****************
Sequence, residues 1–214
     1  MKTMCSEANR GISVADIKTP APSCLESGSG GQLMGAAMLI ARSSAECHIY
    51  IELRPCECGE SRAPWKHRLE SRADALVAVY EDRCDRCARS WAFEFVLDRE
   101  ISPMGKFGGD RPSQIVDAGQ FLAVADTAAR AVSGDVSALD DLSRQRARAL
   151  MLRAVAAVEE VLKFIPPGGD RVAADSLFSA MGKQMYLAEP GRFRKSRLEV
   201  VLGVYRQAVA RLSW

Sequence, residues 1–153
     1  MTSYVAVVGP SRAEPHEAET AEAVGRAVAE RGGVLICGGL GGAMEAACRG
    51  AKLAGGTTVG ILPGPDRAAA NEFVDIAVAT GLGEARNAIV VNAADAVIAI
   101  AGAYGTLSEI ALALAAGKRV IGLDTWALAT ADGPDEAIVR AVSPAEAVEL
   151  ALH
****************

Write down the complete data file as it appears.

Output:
Sequence, residues 1–214
     1  MKTMCSEANR GISVADIKTP APSCLESGSG GQLMGAAMLI ARSSAECHIY
    51  IELRPCECGE SRAPWKHRLE SRADALVAVY EDRCDRCARS WAFEFVLDRE
   101  ISPMGKFGGD RPSQIVDAGQ FLAVADTAAR AVSGDVSALD DLSRQRARAL
   151  MLRAVAAVEE VLKFIPPGGD RVAADSLFSA MGKQMYLAEP GRFRKSRLEV
   201  VLGVYRQAVA RLSW

Sequence, residues 1–153
     1  MTSYVAVVGP SRAEPHEAET AEAVGRAVAE RGGVLICGGL GGAMEAACRG
    51  AKLAGGTTVG ILPGPDRAAA NEFVDIAVAT GLGEARNAIV VNAADAVIAI
   101  AGAYGTLSEI ALALAAGKRV IGLDTWALAT ADGPDEAIVR AVSPAEAVEL
   151  ALH